Preventing Interpersonal Violence

Be an IVP UP-Stander!

Preventing interpersonal violence is everyone’s business. We all have the responsibility — to ourselves and to those around us — to reduce risks and prevent occurrences.

The bystander effect refers to incidents in which individuals pass by an emergency or potentially dangerous situation, instead of intervening to help the victim, when other people are present. Often, the greater the number of bystanders, the less likely it is that any one of them will help. This is believed to happen because as the number of bystanders increases, any given bystander is less likely to notice the situation, interpret the incident as a problem or assume responsibility for taking action. A bystander sees a situation but may not know what to do, thinks others will react or may be afraid to do something.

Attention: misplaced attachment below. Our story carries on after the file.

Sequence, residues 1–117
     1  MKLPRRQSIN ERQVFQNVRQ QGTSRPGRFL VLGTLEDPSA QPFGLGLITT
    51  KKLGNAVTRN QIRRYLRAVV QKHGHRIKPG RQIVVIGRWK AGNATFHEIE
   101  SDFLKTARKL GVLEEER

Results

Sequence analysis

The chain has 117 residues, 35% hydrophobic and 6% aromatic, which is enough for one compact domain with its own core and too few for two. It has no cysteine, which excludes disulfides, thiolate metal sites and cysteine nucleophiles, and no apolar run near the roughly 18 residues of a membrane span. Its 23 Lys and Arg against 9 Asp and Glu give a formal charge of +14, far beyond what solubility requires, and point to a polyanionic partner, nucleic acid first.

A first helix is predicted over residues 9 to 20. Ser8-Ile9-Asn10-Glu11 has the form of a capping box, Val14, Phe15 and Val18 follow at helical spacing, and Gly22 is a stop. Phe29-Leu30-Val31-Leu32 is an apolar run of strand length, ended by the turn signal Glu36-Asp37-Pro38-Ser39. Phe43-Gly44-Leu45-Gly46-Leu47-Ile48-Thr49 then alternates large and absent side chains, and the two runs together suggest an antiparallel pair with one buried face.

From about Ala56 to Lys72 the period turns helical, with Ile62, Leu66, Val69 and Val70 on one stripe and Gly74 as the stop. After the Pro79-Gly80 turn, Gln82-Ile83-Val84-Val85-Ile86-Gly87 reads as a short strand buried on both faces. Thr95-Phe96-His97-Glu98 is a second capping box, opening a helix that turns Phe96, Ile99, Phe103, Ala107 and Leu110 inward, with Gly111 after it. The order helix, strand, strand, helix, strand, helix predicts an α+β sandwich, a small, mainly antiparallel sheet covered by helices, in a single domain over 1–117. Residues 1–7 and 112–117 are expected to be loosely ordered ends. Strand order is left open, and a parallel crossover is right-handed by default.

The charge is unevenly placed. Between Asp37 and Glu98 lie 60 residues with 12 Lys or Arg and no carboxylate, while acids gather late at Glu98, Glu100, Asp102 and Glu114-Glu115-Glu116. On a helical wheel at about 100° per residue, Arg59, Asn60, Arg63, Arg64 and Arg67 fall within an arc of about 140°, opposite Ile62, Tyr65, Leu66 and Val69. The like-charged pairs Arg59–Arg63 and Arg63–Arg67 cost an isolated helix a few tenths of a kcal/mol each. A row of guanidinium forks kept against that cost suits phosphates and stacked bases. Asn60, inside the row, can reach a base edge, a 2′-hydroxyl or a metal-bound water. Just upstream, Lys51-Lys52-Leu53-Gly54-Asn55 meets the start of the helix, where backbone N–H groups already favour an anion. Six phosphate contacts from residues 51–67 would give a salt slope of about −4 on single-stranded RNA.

The IVP team works to inform students and faculty on campus on how individuals can make a difference in their community by serving as UP-standers. An "upstander" is someone who recognizes when something is wrong and acts to make it right. When upstanders see or hear about someone being bullied, assaulted, harassed or injured, they speak up. Being an upstander is being a hero by standing up for what is right and doing one's best to help support and protect someone who is being hurt. In order to reduce instances of interpersonal violence, there needs to be a larger presence of upstanders in society.

For more information on how to be an UP-Stander, click here.

Last Updated: 6/19/15